With nothing left in him but the will to kill, to kill Ron in order to save him, he aimed his wand, screwed his eyes shut, and intoned, “Avada Kedavra.”

 

Nothing.

 

No green light.  No feeling of power.  No sense of having done magic at all.  Harry opened his eyes to the dreadful sight of Ron standing, very much alive, his wand still trained on the witch he loved.  Ron, still bound for the abominable existence that Voldemort had planned for him – the abominable existence that Harry was unable to deliver him from.  For a frozen moment of time, Harry merely existed, in an empty world.  Empty of comfort.  Empty of warmth.  Empty of everything but failure.

 

Empty of sound.  Harry realized that everything had indeed gone silent; it horrified him even through his numbness.  Hermione had stopped screaming.  She was dead.  Ron was a murderer.  Soon half of his ruined soul would be imprisoned in the very ring he had placed on her hand with a promise of eternal love, and the ring would be on Voldemort’s hand, a toy to be turned at his whim.  And Harry was powerless to prevent it.

 

Then, after an eternal second of silent hell, sound returned to the world.  Ron’s wand clattered to the floor of the Chamber.  Hermione whimpered.  And from somewhere to Harry’s right came a heavy, dull thud.

 

Harry watched as if from another world as Ron, the shackles gone from his ankles, dropped to his knees with excruciating slowness and gathered his fiancée in his arms, bleeding into her hair as he tried to minister to her.  Far to the side he heard Weasleys falling to the floor, their shackles evidently having vanished also.  Turning to his right, Harry beheld a vision of Voldemort collapsed in an unnatural heap, every visible patch of his skin moon-white.  He walked mechanically toward it, and when he reached it the vision was one of a corpse.  Its hand – Voldemort’s hand – still clutched a wand.  Harry pointed his wand at its wrist and murmured, “Diffindo.”  The hand fell off and hit the floor with a very real sound, and from the arm it had come from Harry heard a rush, a hiss as if of escaping gas.  There was no blood.

 

Then something hit him hard from behind, and there were slender arms across his chest.

 

*          *          *          *          *

 

When it came time to deal with the last seven people to see Voldemort alive, St. Mungo’s showed itself at its best.  The Healers immediately understood that most of the harm the seven had suffered was mental rather than physical, and that consequently they were the people best able to heal one another.  To facilitate this, the physical plant staff cleared the Ministerial ward and magically rearranged the interior walls to create a suite of comfortable, interconnecting rooms.  The security staff already had a plan for keeping unwanted visitors away from the ward should the Minister of Magic be hospitalized; even though it wasn’t the Minister this time, their best people jumped at the opportunity to implement it.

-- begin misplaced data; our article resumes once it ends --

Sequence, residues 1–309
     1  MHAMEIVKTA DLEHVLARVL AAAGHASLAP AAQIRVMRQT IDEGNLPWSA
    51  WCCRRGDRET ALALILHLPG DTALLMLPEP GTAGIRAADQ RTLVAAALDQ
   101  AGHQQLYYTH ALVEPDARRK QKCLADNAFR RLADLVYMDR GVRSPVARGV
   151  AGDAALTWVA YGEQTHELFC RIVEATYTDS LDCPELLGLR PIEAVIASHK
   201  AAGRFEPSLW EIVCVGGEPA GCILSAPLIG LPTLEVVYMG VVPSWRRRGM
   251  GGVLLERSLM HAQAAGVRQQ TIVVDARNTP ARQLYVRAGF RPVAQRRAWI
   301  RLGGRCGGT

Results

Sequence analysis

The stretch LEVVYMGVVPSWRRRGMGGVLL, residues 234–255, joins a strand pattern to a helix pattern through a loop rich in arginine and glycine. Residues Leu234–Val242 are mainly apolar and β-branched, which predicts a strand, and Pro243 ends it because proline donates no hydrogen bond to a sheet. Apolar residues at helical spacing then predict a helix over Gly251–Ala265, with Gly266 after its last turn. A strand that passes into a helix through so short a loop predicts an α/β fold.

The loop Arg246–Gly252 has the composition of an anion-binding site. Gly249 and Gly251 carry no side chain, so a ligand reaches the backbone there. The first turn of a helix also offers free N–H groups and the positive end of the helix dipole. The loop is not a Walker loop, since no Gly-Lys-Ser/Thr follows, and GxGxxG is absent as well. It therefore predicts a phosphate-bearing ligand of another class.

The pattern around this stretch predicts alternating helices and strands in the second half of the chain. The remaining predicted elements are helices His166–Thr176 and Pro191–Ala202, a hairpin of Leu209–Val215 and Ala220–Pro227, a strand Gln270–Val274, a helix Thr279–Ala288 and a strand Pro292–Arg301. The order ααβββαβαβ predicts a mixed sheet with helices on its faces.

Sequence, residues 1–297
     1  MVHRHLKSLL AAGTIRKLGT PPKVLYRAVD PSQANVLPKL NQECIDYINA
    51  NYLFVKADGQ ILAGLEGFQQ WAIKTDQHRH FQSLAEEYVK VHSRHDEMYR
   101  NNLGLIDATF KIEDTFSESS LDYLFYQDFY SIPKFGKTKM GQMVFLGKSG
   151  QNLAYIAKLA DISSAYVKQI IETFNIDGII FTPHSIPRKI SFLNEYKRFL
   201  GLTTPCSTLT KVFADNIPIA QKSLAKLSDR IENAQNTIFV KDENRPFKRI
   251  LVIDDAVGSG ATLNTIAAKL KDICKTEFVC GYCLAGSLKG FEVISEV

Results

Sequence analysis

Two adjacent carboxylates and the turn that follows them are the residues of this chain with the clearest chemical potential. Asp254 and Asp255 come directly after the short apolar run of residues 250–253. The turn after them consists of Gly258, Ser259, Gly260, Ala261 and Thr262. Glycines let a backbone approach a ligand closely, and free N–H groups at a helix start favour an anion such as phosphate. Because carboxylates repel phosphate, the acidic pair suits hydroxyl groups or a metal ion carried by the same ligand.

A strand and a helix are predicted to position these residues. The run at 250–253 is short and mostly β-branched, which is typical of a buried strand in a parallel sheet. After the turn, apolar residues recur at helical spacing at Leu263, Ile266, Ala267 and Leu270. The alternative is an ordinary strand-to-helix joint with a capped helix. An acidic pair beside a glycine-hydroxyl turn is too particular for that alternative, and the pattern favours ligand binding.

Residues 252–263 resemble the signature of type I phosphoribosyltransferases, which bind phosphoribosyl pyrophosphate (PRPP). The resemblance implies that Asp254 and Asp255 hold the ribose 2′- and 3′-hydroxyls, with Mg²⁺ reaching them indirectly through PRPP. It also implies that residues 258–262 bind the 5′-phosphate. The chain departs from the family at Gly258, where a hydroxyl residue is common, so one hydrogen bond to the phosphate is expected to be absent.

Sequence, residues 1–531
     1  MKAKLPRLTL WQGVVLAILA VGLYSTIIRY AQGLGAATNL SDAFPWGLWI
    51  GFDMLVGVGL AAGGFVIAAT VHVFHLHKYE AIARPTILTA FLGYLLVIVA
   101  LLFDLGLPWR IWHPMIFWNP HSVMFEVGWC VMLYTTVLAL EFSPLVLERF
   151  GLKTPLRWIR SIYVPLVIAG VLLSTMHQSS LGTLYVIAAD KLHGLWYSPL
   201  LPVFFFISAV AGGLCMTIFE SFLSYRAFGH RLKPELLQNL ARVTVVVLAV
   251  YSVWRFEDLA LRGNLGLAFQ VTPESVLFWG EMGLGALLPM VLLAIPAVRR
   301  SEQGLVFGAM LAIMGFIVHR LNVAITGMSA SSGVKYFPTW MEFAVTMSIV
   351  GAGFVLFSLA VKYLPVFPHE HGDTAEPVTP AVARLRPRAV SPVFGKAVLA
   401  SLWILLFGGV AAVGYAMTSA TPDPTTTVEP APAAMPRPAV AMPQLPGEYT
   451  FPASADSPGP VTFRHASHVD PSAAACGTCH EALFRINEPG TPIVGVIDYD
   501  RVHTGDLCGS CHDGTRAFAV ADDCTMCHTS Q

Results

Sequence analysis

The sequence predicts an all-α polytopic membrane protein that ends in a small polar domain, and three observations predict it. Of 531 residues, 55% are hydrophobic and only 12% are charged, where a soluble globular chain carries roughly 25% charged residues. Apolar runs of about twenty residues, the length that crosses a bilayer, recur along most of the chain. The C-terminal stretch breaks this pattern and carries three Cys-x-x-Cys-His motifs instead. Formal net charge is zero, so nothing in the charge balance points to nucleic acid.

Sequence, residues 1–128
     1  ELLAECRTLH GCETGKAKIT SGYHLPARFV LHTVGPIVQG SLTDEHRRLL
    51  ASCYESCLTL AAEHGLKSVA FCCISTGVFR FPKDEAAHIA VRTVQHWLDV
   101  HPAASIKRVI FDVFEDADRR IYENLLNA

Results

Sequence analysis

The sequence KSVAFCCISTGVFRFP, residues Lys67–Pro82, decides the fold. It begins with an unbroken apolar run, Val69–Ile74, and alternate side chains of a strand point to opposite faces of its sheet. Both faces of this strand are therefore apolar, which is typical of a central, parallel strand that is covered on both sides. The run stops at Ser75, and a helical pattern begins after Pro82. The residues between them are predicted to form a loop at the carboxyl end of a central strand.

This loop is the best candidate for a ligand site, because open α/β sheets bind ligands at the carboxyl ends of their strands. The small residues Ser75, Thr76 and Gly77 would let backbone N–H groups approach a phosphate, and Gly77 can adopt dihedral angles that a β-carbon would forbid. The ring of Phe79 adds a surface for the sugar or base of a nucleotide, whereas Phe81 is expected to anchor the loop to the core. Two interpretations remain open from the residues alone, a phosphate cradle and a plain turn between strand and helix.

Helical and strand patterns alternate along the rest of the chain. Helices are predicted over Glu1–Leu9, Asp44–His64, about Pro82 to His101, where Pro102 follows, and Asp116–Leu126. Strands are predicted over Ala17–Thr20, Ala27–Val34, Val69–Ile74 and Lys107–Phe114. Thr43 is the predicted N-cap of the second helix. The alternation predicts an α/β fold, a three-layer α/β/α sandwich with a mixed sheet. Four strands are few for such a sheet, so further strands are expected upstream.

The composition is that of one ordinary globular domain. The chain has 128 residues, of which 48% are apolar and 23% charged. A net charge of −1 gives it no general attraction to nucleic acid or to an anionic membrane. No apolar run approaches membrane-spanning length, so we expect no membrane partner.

For Ron and Hermione, who had suffered the most physical damage, the prognosis was much better than it might have been.  Hermione was responding well to her therapy for extended exposure to the Cruciatus curse; the Healers had wisely put her and Ron together in one room as part of that therapy.  Her forelegs required much more effort, though.  They had been shattered when she collapsed from the Cruciatus curse while her ankles were still held by Voldemort’s stone shackles.  The Healers had painstakingly fitted the dozens of fragments of bone back together, and Hermione was expected to walk again, although not any time soon.  Repairing Ron’s mangled tongue had been simple by comparison, but it would still be some time before he could use it without pain.

 

“We’d better enjoy the silence while we’ve got it, then,” Harry suggested to Hermione, as he visited the next morning.

 

“What silence?” Hermione replied with arched eyebrows.

 

“Yeah, wha’ hsiyess?” Ron attempted to echo.  Harry looked back from Ron to Hermione.  Her lips were pursed, and she rolled her eyes.  In a moment all three were laughing hysterically.

 

The soft swish of the door opening and closing was completely drowned out by the uproar, so they were all taken by surprise when the visitor spoke.  “Well, if it isn’t my three star pupils, if I may be so bold as to claim you as mine?”

 

“Prof–,” Harry began brightly, but the visitor cut him off.

 

Remus, please, and I’ll thank you to forget that I mentioned anything about ‘pupils’.  I do believe you are all well beyond that.”

 

“But, Professor, we still have –”

 

“Yes, I understand that, Hermione, but I think you also understand what I meant,” Lupin replied, Summoning a chair and settling into it.

 

“Ow i you ge i?”

 

Lupin had just taken a breath to speak, but this brought him up short.

 

“He asked, ‘how did you get in?’” Hermione translated.

 

“You can understand that?” Harry asked in wonderment.  “You’d better get married, then!”  Hermione’s blush was disappointingly faint.

 

“How did I get in?” Lupin chuckled.  “Well, Ron, it seems your parents have taken quite firm control over who is allowed in and who is not.”

 

“Surprise, surprise,” Harry deadpanned.

 

“Yes, and the St. Mungo’s security staff are doing admirably.  Scrimgeour was simply apoplectic when I was let in – I thought he was about to do accidental magic.  Wouldn’t that have been a scene?  Of course, he was already livid because the guards wouldn’t let him into the ward that’s normally reserved for his use.  And to make matters worse, they did let his junior assistant in.”

 

Percy?

 

“The very same.  He’s now in the foyer of the ward, having a little heart-to-heart with the rest of the family.”

 

“I ho ey wip i ow of hi shesh.”